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BRIEF INSIGHT INTO THE DISPUTE:
This case is a result of copyright infringement of a musical based on the story of Zorro.The character of Zorro originally was developed by Johnst McCulley which was further adapted in stories. All of the stories are part of public domain. Cabell (hereinafter “the plaintiff”) made a musical based on the story available in public domain and Zorro Productions (hereinafter “the defendant”) is the assignee of the character Zorro. The Plaintiff produced a musical titled “Z – The Musical of Zorro” and got its scripts and audio registered with the U.S. Copyright Office for original, novel elements of his work but not the elements in the public domain as of 1996.
The Plaintiff met the Defendant for the production of the Musical but the agreement did not materialise and the defendant gave a legal threat to the Plaintiff not to publish their work without a license from them. Later, the Defendant licensed the use of the character Zorro to Allende in 2005 and separate musical in 2008.
- The Plaintiff filed an infringement suit claiming that the novel and the musical was infringing its musical and seeking a declaration that the Plaintiffs’ musical is not infringing the copyright of the Defendant.
- The Defendant cross-moved an application claiming that the Plaintiff was infringing its copyright.
ARGUMENTS BEFORE THE COURT:
The arguments advanced by the Plaintiff are –
- The Defendant had access to the script of the musical of Plaintiff due to their exchanges with respect to a licensing agreement in 1966 which did not materialize.
- The Plaintiff contended that there was substantial similarity between both the works.
- The Plaintiff further contended that three characters from its script were sufficiently developed and therefore, it should be granted protection.
- The Plaintiff’s musical was based on public domain and therefore, does not infringe the copyright of the Defendant
The arguments advanced by the Defendant are –
- The Defendant contended that the Plaintiff’s musical is infringing its copyright.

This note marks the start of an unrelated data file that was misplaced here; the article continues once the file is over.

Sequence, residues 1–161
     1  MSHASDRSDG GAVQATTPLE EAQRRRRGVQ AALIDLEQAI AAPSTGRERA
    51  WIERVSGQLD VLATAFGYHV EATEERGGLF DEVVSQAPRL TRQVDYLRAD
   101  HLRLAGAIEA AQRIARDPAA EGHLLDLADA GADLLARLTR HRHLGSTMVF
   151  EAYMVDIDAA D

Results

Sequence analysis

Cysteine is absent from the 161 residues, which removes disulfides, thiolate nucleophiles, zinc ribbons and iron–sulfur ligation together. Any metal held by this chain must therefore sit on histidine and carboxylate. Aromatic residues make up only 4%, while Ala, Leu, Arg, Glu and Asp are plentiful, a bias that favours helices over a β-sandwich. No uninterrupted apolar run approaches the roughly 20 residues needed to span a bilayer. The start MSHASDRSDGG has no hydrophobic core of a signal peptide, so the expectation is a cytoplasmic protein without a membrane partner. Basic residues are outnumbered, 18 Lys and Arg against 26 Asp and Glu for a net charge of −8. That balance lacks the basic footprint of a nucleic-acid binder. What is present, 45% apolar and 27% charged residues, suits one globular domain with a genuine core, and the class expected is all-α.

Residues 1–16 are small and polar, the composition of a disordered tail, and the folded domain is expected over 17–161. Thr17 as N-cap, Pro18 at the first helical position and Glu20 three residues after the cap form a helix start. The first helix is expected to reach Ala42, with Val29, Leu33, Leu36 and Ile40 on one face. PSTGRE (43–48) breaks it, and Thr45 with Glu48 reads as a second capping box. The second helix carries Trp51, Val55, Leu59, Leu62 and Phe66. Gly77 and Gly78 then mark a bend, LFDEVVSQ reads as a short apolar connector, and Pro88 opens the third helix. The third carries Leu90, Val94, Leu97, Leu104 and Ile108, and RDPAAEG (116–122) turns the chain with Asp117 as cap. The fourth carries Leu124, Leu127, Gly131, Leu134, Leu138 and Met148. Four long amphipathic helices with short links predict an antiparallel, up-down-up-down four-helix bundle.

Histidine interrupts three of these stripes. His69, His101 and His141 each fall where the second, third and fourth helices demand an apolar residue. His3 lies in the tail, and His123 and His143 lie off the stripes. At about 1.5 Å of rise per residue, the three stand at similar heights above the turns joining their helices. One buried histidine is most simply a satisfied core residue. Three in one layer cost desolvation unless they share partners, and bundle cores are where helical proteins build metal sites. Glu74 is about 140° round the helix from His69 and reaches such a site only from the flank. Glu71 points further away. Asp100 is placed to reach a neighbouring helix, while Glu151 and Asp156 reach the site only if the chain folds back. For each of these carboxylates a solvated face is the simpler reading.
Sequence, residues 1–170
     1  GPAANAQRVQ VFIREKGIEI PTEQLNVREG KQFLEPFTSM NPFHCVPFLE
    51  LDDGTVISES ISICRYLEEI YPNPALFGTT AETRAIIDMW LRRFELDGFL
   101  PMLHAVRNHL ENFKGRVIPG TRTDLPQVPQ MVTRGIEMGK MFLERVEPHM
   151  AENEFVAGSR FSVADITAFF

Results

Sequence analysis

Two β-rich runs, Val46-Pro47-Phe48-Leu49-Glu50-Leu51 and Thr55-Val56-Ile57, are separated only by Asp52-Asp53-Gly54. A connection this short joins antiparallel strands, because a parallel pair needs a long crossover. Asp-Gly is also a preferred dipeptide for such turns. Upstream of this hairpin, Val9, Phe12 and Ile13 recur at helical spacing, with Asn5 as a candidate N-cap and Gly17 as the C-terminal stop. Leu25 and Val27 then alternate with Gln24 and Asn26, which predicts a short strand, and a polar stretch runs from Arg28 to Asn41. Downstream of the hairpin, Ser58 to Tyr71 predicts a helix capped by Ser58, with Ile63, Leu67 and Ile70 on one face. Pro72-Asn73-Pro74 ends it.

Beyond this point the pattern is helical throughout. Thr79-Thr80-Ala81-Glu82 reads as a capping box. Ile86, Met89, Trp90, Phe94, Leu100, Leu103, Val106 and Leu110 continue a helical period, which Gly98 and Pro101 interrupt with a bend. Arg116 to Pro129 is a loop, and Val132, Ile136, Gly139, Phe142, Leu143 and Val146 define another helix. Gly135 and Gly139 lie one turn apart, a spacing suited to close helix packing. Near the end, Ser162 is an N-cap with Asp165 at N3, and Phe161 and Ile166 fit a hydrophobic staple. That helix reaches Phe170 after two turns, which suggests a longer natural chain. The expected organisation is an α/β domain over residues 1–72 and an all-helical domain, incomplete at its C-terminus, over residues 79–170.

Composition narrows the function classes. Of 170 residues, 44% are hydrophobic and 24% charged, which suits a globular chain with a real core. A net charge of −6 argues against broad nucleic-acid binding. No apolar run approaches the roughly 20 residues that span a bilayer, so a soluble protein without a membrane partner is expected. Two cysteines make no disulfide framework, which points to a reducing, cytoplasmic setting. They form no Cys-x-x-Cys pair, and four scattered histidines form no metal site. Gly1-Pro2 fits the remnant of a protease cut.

- The Defendant further contended that Statute of Limitations will be applicable because when both the parties met for the licensing agreement, the Defendant had informed the Plaintiff that its musical is infringing the copyright of the Defendant.
DECISION OF THE COURT:
The court thus decided;
- That the Plaintiff’s musical does not infringe the Defendant’s copyright over the character of Zorro.
- That the Defendant’s musical and novel does not infringe the Plaintiff’s musical and does not have similar theme and setting.
The Court analyzed the plaintiff’s claims. It was not disputed that the Defendant had access to Plaintiff’s script as a licensor holds a supervisory authority and there was an agreement between the Plaintiff and the Defendant which did not materialize so the Court cannot rule out a possibility of the Defendant having an access to the script. The Court followed the extrinsic test to conclude if there is a substantial similarity between the two works. The extrinsic test focuses on “articulable similarities between the plot, themes, dialogue, mood, setting, pace, characters, and sequence of events”. The Court determined that the plot of the novel was focused on the character Zorro’s childhood whereas the Plaintiff’s musical is based on Zorro when he is an adult. The Court found differences in the settings, theme, pace, mood and tone of the two works. The Court concluded the claim of the Plaintiff by adjudicating that the claim of Plaintiff that three characters from the musical were sufficiently developed in the novel cannot stand as there is no substantial similarity between the two and the treatment given to them is also dissimilar.
Adjudicating on the claim of the Defendant that the Plaintiff is infringing its copyright, the Court concluded that a reasonable person will not find substantial similarity between the two musicals. The Court disagreed with the contention that Statute of Limitations will be applicable in the present dispute as the Defendant has the right to file an infringement claim whenever the Plaintiff produces its musical. The Court rested the dispute by applying the doctrine that a party abandons claims by not raising them in opposition to a summary judgment motion and held that the Defendant had abandoned its claims of copyright infringement by not raising it in opposition to a summary judgment motion and passed a declaratory judgment claim in favour of the Plaintiff in this regard.
Note: Several quotations from the judgement are included in this article. The complete judgment can be found here.